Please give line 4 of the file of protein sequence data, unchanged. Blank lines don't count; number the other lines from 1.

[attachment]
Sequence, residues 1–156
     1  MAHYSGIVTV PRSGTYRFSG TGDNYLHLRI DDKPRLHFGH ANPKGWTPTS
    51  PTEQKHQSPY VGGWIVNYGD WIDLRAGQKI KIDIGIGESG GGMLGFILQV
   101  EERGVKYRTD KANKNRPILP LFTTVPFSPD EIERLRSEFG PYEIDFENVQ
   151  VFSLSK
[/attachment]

   101  EERGVKYRTD KANKNRPILP LFTTVPFSPD EIERLRSEFG PYEIDFENVQ